British Museum blog

Amara West 2012: paint it red, yellow, blue…


Hélène Virenque, Egyptologist

Since the start of excavations three weeks ago, room three – to the north of the room where Mary Shepperson found the decorated lintel – of house E13.6 has demanded most of my attention. Last week we revealed the walls of a phase beneath the house, which might be part of a long magazine, of the type already found in this area during an earlier season.

Rather different, here, is the construction of small walls one brick-width thick, delimiting two small spaces within the possible storage magazines.

Among the sand, mudbrick rubble and ceramics which filled this area, we came across pigments: lumps of yellow and red ochre (a natural resource), but also blue pigment, which must be made from transforming calcium carbonate and copper oxide. The blue pigment was found on ceramic sherds, on which it was prepared before use. We also found small blocks of pigment where one side has been flattened through rubbing, while the other has been impressed with the fingers of the ancient painter.

Completing the picture, a large granodiorite stone was found in the northern of the two small spaces; yellow pigment adhering to the depression in the working surface indicates this stone was used for pigment preparation.

Granodiorite stone with remains of yellow pigment

Granodiorite stone with remains of yellow pigment

Usually, raw pigments were mixed with a medium such as gum arabic or egg-white, before being applied. Perhaps these colours were being prepared to paint the walls of some rooms. Many were plastered with plain clay, but we have found evidence of red and white-painted walls. Fragments of painted plaster, possibly from a household shrine, found in 2011, display a similar colour palette, with reds, blues and yellows.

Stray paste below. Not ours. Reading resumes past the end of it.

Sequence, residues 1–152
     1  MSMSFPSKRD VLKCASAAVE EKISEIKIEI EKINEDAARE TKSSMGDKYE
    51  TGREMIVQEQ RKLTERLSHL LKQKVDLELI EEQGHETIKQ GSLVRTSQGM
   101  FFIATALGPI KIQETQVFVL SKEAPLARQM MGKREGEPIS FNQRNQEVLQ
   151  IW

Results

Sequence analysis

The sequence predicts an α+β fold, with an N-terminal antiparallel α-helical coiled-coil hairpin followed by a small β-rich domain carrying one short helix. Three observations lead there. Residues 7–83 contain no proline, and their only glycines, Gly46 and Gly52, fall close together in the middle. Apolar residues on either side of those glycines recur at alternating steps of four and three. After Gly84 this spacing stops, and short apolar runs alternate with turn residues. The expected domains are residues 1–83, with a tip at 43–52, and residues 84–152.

Thus far we can only be sure that these small – perhaps short-lived – spaces were used to prepare colour pigments. It does not mean the space was a dedicated workshop, as small-scale craft activities are known to have taken place within people’s houses.

Find out more about the Amara West research project

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Filed under: Amara West, Archaeology, ,

2 Responses - Comments are closed.

  1. ounogi niri says:

    very nice blog! i’m following your excavations from my studio in athens. i’m a greek artist living in athens.thank you for your sharing!

    Like

  2. ritaroberts says:

    Absolutely love this blog and am most interested in the conservation work of all materials found, but mostly pottery as this is my subject. Thanks for sharing.

    Like

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Our #AfricanRockArt project team is cataloguing and uploading around 25,000 digital images of rock art from throughout the continent. Working with digital photographs has allowed the Museum to use new technologies to study, preserve, and enhance the rock art, while leaving it in situ.

As part of the cataloguing process, the project team document each photograph, identifying what is depicted. Sometimes images are faded or unclear. Using photo manipulation software, images can be run through a process that enhances the pigments. By focusing on different sets of colours, we can now see the layers that were previously hidden to the naked eye.

This painted panel, from Kondoa District in #Tanzania, shows the white outline of an elephant’s head at the right, along with some figures in red that it is possible to highlight with digital enhancement.

Tanzania contains some of the densest concentrations of rock art in East Africa, mainly paintings found in the Kondoa area and adjoining Lake Eyasi basin. The oldest of these paintings are attributed to hunter-gatherers and may be 10,000 years old.

Follow the link in our bio to learn more about the project and see stunning #rockart from Africa. This week we’re highlighting the work of our #AfricanRockArt image project. The project team are now in the third year of cataloguing, and have uploaded around 19,000 digital photographs of rock art from all over #Africa to the Museum’s collection online database.